C-VILLE Kids! Doc Talk: How to recognize (and remedy) your kids' bumps, bruises and ailments

Dr. Paige Perriello (Photo by Ashley Twiggs)

Does my child have a cold or is it seasonal allergies?
Sometimes it can actually be difficult to tell, but there are a few things that might help you to tell the difference. First, most children under the age of 2 years old don’t develop significant environmental allergies. Also, in that age group, we would not want to assume it was allergies and not evaluate for other infections.

In general, children with allergies tend to be afebrile (not feverish), sneezing, and with a constant runny nose with clear discharge. If the eyes are involved, they tend to be red and itchy and may be swollen. Children with a cold can have fevers, thick nasal discharge and if the eyes are involved, they are more likely to have mucous and to not be itchy.

Finally, look for symptoms that seem to come and go only in certain environments. If your child is completely fine, but every time she rolls around in the grass she starts sneezing and gets a runny nose, talk to your doctor about potential allergies.

How do I know if my child has a concussion? How do we treat it?
A concussion is a complex process affecting the brain that is brought about by traumatic forces to the head, either direct or indirect. If your child gets any type of hit to the head caused by a player, a stick, the ball or the ground during a game, he should be evaluated immediately and by an athletic trainer if available. If there isn’t one around and, as a parent or coach, you are unsure if the player is unharmed, the most important motto for concussion in sports at all ages is, “When in doubt, keep them out.” If you are unsure if your child has a concussion, he should be removed immediately from practices and games until evaluated by a doctor. Some common signs of concussion to look out for are headache, nausea, fatigure, irritability, difficulty focusing in school, dizziness, light or noise sensitivity and sleeping problems.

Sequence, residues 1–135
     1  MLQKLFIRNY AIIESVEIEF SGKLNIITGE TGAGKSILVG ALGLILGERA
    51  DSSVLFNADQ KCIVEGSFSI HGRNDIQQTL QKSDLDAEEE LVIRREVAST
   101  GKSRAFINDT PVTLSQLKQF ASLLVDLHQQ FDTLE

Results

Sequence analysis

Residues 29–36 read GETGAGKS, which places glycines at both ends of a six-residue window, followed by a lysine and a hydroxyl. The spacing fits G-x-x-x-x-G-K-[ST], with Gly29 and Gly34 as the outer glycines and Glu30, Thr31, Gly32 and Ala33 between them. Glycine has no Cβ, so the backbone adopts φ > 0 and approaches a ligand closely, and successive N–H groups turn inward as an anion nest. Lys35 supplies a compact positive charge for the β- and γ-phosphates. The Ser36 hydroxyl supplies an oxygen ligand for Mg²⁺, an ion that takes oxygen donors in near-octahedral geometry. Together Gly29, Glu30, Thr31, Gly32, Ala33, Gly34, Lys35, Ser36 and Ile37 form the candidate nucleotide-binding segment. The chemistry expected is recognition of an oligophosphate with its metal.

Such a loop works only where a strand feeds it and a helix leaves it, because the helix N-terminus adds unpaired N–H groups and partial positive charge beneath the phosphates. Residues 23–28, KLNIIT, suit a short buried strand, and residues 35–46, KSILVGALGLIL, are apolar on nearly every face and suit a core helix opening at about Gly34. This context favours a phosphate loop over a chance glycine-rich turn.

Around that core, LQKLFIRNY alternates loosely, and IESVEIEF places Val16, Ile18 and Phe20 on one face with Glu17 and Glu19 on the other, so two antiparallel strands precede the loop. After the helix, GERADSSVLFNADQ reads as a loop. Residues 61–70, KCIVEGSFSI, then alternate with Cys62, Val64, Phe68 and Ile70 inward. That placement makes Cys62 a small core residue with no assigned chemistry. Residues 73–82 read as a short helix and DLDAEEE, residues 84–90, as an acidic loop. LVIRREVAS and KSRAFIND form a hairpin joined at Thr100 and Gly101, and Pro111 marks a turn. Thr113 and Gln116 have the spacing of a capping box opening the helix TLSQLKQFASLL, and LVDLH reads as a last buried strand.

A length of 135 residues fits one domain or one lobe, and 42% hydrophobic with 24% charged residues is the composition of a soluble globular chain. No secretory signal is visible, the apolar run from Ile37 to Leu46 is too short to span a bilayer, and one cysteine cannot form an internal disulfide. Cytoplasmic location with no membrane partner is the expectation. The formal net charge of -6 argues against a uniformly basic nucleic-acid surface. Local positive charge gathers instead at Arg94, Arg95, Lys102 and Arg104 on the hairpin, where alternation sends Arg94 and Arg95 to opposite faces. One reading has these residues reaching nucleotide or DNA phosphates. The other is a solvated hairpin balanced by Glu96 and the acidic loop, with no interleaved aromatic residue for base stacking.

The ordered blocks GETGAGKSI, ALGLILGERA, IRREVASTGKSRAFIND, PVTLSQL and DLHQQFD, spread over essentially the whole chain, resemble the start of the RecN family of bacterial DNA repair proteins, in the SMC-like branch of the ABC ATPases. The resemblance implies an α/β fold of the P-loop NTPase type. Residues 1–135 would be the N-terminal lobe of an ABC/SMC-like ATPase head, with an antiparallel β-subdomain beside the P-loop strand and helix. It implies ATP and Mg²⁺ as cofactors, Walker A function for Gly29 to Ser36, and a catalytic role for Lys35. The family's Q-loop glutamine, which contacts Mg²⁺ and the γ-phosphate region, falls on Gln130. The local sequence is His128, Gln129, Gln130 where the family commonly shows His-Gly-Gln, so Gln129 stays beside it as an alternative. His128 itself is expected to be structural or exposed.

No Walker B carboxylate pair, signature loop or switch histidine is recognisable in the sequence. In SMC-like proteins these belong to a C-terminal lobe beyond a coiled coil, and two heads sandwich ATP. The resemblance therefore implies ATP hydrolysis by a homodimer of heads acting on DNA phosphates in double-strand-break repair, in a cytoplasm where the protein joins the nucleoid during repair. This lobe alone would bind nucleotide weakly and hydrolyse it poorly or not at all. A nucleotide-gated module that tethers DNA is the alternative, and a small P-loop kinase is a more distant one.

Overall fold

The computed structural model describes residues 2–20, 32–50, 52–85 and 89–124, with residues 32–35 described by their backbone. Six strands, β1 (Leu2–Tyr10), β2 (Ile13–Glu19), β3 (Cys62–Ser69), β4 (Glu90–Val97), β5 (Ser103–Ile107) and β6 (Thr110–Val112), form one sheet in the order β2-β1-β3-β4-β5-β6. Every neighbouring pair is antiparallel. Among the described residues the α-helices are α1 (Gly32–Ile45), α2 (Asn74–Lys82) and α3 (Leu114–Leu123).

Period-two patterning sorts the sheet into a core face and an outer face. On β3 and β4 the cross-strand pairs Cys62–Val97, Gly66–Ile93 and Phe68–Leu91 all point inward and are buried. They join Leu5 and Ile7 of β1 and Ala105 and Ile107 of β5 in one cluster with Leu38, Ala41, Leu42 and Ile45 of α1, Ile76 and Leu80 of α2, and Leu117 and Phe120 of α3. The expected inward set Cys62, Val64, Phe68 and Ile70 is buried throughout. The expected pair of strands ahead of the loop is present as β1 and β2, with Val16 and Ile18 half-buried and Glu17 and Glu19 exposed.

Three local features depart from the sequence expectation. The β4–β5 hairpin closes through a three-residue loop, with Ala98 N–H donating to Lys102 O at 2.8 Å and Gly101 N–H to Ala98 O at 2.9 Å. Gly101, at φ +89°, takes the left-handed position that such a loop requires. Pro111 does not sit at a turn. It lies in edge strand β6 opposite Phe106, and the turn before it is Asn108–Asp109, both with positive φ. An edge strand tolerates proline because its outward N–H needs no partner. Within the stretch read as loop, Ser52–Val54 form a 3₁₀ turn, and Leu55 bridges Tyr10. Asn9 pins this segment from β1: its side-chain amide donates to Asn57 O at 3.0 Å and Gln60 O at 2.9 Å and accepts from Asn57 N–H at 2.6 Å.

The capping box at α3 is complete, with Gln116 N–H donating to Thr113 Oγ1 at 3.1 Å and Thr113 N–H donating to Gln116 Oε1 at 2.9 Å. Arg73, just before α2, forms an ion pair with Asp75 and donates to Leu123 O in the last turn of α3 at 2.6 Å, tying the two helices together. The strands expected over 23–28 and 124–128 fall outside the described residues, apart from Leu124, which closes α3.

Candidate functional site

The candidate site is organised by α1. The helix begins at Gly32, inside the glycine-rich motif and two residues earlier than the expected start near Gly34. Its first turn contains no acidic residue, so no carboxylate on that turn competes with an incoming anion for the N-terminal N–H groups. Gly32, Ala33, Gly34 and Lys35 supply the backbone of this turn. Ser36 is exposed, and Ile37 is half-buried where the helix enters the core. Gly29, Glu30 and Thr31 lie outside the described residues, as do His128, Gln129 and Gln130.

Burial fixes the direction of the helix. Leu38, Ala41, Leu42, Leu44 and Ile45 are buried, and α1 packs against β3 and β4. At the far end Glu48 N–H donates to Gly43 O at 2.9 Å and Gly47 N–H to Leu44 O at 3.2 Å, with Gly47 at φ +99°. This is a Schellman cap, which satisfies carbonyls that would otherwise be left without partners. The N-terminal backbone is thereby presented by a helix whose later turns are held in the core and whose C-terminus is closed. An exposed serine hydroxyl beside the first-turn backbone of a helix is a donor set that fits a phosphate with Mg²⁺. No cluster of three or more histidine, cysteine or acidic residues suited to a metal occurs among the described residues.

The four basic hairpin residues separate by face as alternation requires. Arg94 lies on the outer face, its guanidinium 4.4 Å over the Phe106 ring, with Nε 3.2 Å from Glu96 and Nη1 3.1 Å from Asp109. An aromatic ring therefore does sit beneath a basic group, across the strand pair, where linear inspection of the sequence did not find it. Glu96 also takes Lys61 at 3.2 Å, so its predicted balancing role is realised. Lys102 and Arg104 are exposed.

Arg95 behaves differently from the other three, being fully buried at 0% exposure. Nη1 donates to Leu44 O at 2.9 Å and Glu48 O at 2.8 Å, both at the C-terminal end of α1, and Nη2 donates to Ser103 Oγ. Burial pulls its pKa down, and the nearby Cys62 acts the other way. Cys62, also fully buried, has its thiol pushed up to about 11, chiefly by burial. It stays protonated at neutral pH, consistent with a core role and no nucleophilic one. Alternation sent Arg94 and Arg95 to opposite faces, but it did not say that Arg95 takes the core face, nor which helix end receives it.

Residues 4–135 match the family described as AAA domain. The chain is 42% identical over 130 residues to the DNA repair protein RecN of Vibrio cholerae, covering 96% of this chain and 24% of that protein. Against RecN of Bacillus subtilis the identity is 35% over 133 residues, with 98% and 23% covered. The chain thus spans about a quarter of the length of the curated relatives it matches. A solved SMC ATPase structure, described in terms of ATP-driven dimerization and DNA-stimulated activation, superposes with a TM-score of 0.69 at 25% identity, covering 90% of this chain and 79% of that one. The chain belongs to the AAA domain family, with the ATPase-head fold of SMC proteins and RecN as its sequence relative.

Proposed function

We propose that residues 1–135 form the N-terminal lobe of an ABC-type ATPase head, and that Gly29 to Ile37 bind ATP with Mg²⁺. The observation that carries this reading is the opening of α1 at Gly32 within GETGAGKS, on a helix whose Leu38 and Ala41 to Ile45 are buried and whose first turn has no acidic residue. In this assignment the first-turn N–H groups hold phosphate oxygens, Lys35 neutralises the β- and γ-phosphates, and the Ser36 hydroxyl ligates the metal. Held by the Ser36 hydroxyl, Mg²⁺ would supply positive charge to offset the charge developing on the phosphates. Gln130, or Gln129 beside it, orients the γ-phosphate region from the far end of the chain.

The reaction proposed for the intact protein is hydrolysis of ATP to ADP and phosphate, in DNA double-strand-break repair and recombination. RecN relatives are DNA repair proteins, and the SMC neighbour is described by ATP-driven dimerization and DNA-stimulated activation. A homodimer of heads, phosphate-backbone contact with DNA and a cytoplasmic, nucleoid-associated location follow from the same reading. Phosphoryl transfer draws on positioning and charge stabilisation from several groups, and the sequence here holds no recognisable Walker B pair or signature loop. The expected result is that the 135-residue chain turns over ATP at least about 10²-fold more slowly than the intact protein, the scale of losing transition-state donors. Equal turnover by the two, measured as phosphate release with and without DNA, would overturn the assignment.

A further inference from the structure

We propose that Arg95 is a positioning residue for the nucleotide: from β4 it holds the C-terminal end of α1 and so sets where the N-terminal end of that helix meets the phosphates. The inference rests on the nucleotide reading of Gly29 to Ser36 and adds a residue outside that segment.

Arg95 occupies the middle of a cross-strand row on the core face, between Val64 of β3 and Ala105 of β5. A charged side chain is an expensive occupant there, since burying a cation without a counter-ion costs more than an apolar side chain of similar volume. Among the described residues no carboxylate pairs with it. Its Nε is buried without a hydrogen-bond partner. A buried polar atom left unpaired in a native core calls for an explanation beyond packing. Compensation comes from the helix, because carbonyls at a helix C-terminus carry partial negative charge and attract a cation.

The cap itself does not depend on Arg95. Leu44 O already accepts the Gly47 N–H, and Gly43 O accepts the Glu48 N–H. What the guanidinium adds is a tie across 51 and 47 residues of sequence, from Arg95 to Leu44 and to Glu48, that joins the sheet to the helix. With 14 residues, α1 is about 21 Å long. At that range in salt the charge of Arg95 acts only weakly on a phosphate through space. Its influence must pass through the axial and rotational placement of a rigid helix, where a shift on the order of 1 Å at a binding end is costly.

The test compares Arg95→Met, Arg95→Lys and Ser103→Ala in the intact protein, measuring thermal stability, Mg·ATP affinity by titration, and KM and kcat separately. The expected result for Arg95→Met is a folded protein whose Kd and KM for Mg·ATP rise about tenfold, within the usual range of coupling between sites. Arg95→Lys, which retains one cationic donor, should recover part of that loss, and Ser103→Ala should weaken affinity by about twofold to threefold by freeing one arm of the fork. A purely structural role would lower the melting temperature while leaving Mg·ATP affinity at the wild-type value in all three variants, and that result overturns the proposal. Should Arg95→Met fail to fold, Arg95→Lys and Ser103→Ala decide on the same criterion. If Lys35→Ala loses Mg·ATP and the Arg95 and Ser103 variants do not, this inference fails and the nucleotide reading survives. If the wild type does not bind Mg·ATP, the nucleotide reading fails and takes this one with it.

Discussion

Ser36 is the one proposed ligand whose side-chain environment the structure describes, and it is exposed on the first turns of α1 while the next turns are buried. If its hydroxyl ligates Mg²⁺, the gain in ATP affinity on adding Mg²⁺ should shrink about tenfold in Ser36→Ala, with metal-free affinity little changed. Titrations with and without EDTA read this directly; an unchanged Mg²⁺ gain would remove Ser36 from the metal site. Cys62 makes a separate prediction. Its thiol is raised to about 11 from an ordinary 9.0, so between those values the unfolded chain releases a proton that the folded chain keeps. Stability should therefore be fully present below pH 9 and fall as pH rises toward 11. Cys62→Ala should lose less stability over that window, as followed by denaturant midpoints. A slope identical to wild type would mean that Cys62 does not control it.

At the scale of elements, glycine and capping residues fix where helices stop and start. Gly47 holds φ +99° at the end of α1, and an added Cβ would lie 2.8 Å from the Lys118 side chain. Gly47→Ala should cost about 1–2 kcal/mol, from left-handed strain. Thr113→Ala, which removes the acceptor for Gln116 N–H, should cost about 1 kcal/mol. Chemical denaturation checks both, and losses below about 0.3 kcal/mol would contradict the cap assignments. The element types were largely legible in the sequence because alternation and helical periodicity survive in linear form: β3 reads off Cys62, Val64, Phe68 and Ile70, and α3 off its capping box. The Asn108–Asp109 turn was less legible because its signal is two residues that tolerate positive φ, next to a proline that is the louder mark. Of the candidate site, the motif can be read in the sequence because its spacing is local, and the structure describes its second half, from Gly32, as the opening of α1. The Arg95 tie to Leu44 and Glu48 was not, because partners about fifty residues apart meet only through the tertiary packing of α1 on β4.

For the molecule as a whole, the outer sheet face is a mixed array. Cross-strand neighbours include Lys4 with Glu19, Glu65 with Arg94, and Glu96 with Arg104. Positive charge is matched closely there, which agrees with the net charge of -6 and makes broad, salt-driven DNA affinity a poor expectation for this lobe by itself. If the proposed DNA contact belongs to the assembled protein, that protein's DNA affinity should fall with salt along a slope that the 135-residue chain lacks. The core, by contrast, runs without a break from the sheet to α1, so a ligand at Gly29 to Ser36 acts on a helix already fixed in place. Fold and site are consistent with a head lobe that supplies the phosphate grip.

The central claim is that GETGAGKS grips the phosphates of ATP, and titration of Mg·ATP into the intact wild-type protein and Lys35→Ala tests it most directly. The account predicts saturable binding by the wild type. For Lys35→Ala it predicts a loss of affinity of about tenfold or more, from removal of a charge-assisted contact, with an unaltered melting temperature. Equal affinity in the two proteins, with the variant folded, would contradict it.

How do I know if my child needs stitches?
As the weather warms and kids return outside to play, the rate of injuries increases. Often times, children will get cuts as a result of falls or other injuries. The most important thing to do at home is to stop the bleeding with firm, direct pressure if needed and then clean the wound with warm soap and water. After you’ve taken those steps, call your doctor’s office for advice. If the edges of the skin don’t touch easily or the cut goes all the way through the skin into the fat layer, then it is likely that some type of closure may be needed. Skin glue offers a nice alternative for closure in kids when it doesn’t appear to be serious. If you are having trouble getting the cut to stop bleeding, it will likely need attention and you should contact your doctor immediately.

Paige Perriello is a general pediatrician practicing at Pediatric Associates of Charlottesville. She is married, with a 2-year-old daughter.


Brush ’em toofers! Kiersten Jenkins gets a checkup with Dr. Stone. (Photo by Nick Strocchia)

Tooth hurty: Time for the dentist
When your baby’s first tooth pops into view, it’s time to call the dentist. We talked to pediatric dentist James R. Stone to find out what you can expect from the first visit.
First, Stone recommends scheduling an appointment in the morning. A well-rested child “will present the best chance of gaining their cooperation during a visit,” he said.

Before your little one ever says “Ahhh,” a staff member will brief you on the basics, including feeding practices (bottles versus “sippy” cups), oral habits (like thumb sucking and pacifier use), cavity causers, brushing techniques, and the importance of primary (baby) teeth.

To prepare, read books to your child at home about the dentist, but Stone suggests avoiding a pre-visit lecture. “You can overwhelm them if you tell them too many things,” he said.
During an exam, Stone checks the child’s bite, enamel, and soft tissue and looks for decay. If plaque has built up, he cleans the teeth, and every exam ends with a fluoride varnish.
Then comes the easy part—introducing your little one to the legendary prize box.—Taylor Harris

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